PRPA to host focus groups about its energy mix

FORT COLLINS — Platte River Power Authority will sponsor focus-group sessions with residents and business owners to discuss energy portfolio options as part of the organization’s 2020 Integrated Resource Plan. Colorado State University’s Center for Public Deliberation will facilitate the focus groups and report its findings to the utility’s leadership. 

The IRP, typically produced every five years, details how Platte River will generate and deliver electricity to its owner communities of Estes Park, Fort Collins, Longmont and Loveland. It features modeling of resources, available technologies and constraints, all studied by industry experts to develop Platte River’s resource mix options for the future. The document is being prepared and submitted one year ahead of schedule in response to direction from Platte River’s board of directors to pursue a 100 percent noncarbon energy mix by 2030. 

“We made significant progress on our IRP in 2019 and look forward to hearing from our owner communities,” Jason Frisbie, general manager and CEO of Platte River, said in a press release. “With guidance from the CPD, attendees will have the opportunity to review resource plan options, engage with fellow residents, ask questions and give us their opinions regarding the energy future of northern Colorado.” 

Approximately 30 percent of the energy delivered to Platte River’s owner communities comes from noncarbon sources now, including wind, solar and hydropower. By 2021, noncarbon energy will increase to 50 percent with the addition of 225 megawatts of new wind capacity and 22 megawatts of new solar, plus battery storage. Platte River is evaluating bids to add up to 150 megawatts of solar by 2023, potentially raising the share of noncarbon energy delivered to the owner communities to 60 percent. 

The focus group sessions will include a brief introduction from Platte River followed by CPD-led conversations about Platte River’s future resource mix. Attendees will receive descriptions of four resource mix options that incorporate forecasted capital, operational, fuel and environmental (carbon tax and social cost of carbon) costs. Participants will be encouraged to offer opinions regarding which energy mix Platte River should pursue.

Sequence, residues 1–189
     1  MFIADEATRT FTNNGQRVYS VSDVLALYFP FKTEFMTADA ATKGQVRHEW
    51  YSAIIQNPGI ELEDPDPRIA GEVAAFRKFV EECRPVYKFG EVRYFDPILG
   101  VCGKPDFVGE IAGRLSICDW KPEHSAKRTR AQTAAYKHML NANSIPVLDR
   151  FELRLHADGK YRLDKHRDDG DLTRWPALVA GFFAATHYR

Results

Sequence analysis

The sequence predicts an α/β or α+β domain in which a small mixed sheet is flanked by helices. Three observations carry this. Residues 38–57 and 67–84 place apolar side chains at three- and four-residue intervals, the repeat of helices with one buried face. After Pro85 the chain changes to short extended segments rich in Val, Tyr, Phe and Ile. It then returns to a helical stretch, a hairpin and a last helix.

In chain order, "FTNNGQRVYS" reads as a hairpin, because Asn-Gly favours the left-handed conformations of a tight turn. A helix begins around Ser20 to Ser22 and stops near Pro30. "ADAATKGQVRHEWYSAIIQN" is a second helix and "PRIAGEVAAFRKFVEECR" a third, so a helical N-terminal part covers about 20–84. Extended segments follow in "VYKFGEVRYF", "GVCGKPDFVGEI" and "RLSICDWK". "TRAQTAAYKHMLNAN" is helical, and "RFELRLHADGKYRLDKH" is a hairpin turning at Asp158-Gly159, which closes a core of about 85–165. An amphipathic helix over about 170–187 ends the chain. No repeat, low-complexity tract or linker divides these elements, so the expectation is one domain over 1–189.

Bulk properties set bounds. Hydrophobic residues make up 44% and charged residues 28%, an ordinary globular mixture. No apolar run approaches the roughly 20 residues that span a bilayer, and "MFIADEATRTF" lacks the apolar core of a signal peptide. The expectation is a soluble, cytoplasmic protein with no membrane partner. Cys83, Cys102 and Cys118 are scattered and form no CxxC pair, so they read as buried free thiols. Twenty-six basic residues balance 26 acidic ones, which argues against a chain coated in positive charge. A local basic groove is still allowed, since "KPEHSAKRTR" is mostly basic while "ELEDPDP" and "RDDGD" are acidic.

Following is a schedule of focus groups: 

March 4, 6 to 8 p.m., 17th Avenue Place Event Center, 478 17th Ave., Longmont. 

March 5, 6 to 8 p.m., Ridgeline Hotel, 101 S. St. Vrain Ave., Estes Park. 

March 11, 6 to 8 p.m., Embassy Suites, 4705 Clydesdale Parkway, Loveland. 

March 12, 6 to 8 p.m., Drake Centre, 802 W. Drake Road, Fort Collins. 

Community members interested in attending a focus group session may RSVP online here or call 970-229-5657. 

FORT COLLINS — Platte River Power Authority will sponsor focus-group sessions with residents and business owners to discuss energy portfolio options as part of the organization’s 2020 Integrated Resource Plan. Colorado State University’s Center for Public Deliberation will facilitate the focus groups and report its findings to the utility’s leadership. 

The IRP, typically produced every five years, details how Platte River will generate and deliver electricity to its owner communities of Estes Park, Fort Collins, Longmont and Loveland. It features modeling of resources, available technologies and constraints, all studied by industry experts to develop Platte River’s resource mix options for the future. The document is being prepared and submitted one year ahead of schedule in response to direction from Platte River’s board of directors to pursue a 100 percent noncarbon energy mix by 2030. 

“We made significant progress on our IRP in 2019 and look forward to hearing from our owner communities,” Jason Frisbie, general manager and CEO of Platte River, said in a press release. “With guidance from the CPD, attendees will have the opportunity to review resource plan options, engage with fellow residents, ask questions and give us their opinions regarding the energy future of northern Colorado.” 

Approximately 30 percent of the energy delivered to Platte River’s owner communities comes from noncarbon sources now, including wind, solar and hydropower. By 2021, noncarbon energy will increase to 50 percent with the addition of 225 megawatts of new wind capacity and 22 megawatts of new solar, plus battery storage. Platte River is evaluating…